New research tackles the growing threat of deepfake audio

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With each passing day, it seems like it’s becoming harder to trust what you see and hear on the internet. Creating deepfakes and fake audio has become easier with the press of a button. New Research by three students of Information School And alum will make it easier to determine the authenticity of the audio clip.

Audio equipment in a radio station - illustrated photo.

Audio equipment in a radio station – illustrated photo. Image credit: Will Francis via Unsplash, free license

Romit Barua, Gautam Kurma, and Sarah Barrington (all MIMS ’23) first presented their research on voice cloning. final project For the Master of Information Management and Systems degree program. Barrington is now pursuing a Ph.D. Is. Student in I school. Working with Professor Hany Farid, the team looked at various techniques to distinguish genuine from cloned voices designed to impersonate a specific person.

“When this team first contacted me in the early spring of 2022, I told them not to worry about deepfake audio because the voice cloning wasn’t very good and it would be some time before we had to worry about it. I was wrong, and a few months later, AI-powered voice cloning did surprisingly well, which showed how quickly this technology evolves,” said Professor Farid.

“The team has done important work in introducing a range of ideas to address the new threat of deepfake audio.”

To begin, the team first analyzed audio samples of real and simulated voices by looking for perceptual characteristics or patterns that can be visually identified. Through this lens, they focused on looking at audio waveforms and noticed that real human voices often have more pauses and variations in volume throughout the clip. This is because people have a tendency to use filler words and may move around and away from the microphone while recording.

By analyzing these characteristics, the team was able to pinpoint pauses and amplitude (consistency and variation in the voice) as key factors when attempting to determine the authenticity of a voice. However, they also found that this method – while easy to understand – could produce less accurate results.

The team then took a more detailed approach, looking at general spectral characteristics using ‘off-the-shelf’ audio waveform analysis packages. The program extracts over six thousand features – including summary statistics (mean, standard deviation, etc.), regression coefficients and more – before reducing the number to the twenty most important ones. By analyzing these extracted features and comparing them to other audio clips, Barrington, Barua, and Kurma used these features to create a more accurate method.

However, their most accurate results came with their learned features, which involved training a deep-learning model. To do this, the team feeds raw audio into the model, from which it processes and extracts multidimensional representations – called embeddings.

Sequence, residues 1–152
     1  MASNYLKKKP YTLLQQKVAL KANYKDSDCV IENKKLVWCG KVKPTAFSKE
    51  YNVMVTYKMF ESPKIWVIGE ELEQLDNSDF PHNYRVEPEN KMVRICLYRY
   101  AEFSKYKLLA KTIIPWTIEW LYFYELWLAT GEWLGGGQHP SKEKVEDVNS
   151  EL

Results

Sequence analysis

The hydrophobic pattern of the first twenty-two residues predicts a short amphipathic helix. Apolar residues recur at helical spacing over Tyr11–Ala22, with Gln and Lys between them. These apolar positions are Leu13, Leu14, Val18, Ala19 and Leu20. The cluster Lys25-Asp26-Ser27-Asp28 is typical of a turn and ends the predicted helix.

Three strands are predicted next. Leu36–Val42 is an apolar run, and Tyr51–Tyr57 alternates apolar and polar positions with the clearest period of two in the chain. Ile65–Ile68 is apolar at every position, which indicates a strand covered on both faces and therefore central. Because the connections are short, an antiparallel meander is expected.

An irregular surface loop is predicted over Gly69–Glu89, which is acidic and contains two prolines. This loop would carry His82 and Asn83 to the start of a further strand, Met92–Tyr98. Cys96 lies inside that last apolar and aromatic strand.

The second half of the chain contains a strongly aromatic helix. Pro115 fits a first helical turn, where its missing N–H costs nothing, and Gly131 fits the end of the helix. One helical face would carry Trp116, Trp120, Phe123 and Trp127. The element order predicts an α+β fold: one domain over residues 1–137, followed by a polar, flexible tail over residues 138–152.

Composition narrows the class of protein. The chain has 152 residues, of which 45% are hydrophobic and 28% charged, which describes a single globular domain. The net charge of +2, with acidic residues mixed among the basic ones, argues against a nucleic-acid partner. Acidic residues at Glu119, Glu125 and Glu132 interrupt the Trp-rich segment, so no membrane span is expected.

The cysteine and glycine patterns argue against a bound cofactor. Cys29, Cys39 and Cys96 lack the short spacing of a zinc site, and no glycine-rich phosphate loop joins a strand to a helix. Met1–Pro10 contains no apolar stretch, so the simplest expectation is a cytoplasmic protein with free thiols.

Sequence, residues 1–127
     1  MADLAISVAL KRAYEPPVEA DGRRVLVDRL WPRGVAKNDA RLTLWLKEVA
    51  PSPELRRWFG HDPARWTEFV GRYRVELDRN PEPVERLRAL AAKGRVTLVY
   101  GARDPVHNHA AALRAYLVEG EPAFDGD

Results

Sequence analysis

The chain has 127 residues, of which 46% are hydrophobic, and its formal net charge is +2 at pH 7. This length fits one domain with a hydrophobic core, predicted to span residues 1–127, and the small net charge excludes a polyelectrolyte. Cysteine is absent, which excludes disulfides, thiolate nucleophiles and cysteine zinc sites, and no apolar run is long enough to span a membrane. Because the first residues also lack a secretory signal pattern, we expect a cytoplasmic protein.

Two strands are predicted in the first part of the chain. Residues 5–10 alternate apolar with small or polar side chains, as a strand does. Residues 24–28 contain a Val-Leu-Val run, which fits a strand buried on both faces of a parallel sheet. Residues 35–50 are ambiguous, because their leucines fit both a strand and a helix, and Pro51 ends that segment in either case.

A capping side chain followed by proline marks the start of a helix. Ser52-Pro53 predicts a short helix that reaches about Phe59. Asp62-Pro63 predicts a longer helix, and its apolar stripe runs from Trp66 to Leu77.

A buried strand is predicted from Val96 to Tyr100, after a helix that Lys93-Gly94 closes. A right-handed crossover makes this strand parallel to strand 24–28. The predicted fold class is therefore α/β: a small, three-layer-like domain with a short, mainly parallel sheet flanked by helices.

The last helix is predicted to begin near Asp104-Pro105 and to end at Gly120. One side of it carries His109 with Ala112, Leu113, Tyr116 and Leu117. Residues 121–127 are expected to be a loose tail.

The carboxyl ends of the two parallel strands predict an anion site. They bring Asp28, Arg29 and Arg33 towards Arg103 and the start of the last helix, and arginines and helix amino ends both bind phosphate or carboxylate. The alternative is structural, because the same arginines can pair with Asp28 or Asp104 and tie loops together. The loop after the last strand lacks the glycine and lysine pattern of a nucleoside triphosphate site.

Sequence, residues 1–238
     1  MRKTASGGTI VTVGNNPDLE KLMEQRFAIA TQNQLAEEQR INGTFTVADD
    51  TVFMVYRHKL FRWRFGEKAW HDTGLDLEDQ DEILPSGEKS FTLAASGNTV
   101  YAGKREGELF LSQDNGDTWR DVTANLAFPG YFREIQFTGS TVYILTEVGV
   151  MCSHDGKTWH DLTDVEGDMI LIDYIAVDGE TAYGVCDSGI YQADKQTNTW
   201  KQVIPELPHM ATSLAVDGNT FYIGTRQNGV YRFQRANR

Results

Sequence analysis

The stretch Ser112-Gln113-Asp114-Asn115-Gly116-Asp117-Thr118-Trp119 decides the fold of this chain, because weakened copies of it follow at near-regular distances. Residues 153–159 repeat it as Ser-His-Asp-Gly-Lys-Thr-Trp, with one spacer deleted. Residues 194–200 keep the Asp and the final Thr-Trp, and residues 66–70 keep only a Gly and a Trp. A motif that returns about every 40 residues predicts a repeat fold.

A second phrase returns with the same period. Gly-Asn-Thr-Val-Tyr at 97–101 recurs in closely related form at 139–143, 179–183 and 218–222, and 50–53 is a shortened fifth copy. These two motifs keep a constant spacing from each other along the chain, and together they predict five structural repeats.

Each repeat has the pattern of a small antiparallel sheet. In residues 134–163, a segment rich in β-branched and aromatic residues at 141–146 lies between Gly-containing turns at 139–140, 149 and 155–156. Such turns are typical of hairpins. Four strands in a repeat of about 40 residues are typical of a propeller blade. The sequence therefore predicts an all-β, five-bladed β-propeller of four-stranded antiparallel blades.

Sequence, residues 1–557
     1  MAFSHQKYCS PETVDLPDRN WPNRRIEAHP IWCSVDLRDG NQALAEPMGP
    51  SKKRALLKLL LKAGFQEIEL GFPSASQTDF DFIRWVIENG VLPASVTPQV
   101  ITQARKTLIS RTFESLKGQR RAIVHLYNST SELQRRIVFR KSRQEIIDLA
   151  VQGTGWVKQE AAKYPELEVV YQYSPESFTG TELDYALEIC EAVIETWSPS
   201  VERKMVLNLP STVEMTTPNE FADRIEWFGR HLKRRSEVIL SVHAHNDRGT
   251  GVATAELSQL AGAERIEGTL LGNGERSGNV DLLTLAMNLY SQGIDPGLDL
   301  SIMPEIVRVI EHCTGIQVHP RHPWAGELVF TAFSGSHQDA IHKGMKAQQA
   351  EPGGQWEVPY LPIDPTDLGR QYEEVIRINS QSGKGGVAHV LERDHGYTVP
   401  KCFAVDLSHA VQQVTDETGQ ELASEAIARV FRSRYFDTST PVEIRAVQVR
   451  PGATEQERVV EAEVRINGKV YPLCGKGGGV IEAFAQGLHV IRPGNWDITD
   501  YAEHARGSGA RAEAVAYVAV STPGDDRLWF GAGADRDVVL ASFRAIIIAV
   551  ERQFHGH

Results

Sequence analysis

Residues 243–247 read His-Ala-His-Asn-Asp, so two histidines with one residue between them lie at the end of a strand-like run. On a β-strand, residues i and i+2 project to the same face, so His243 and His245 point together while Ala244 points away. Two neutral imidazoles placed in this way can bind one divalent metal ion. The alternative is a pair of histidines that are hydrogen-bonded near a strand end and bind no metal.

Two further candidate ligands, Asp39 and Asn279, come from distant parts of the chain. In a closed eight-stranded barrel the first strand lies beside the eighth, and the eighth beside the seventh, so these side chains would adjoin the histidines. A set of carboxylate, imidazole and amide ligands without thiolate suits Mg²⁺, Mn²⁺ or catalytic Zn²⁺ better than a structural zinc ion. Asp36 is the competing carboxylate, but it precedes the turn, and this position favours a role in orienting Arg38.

Once generated, the model uses these embeddings to separate real and synthetic audio. This method has consistently outperformed the previous two techniques in terms of accuracy and has recorded less than 0% error in laboratory settings. Despite the high accuracy rate, the team notes that the method can be difficult to understand without proper context.

The team believes this research could address growing concerns about the use of voice cloning and deepfakes for nefarious purposes.

“Voice cloning is one of the first examples where we’re seeing deepfakes with real-world utility, whether it’s bypassing a bank’s biometric verification or calling a family member to ask for money,” Barrington explained. .

“Now not only world leaders and celebrities are in danger, but common people are also in danger. This work represents an important step in developing and evaluating detection systems for the general public in a robust and scalable manner.

After publishing this research online, Barrington, Barua and Kurma were invited to present their findings at various prestigious conferences, such as Nobel Prize Summit And this ieee wives (Workshop in Information Forensics and Security) Conference in Nuremberg, Germany.

“WIFS provided an excellent platform to connect with researchers in digital forensics, deepening our knowledge of cutting-edge forensic techniques through detailed presentations and rich peer discussions,” Kurma said.

,[It also] “We have had a great opportunity to see the research of leaders in our field as well as find common ground for future collaboration in the field of deepfake detection,” Baruah said.

As society grapples with the implications of deepfakes affecting not only world leaders and celebrities but also everyday individuals, this research provides a robust and scalable approach to protecting the general public.

Leveraging perceptual features, spectral analysis, and advanced deep learning models has yielded promising results, and the team’s work is an important step toward restoring trust in online audio content and mitigating the risks posed by advancing the technology.

Source: UC Berkeley


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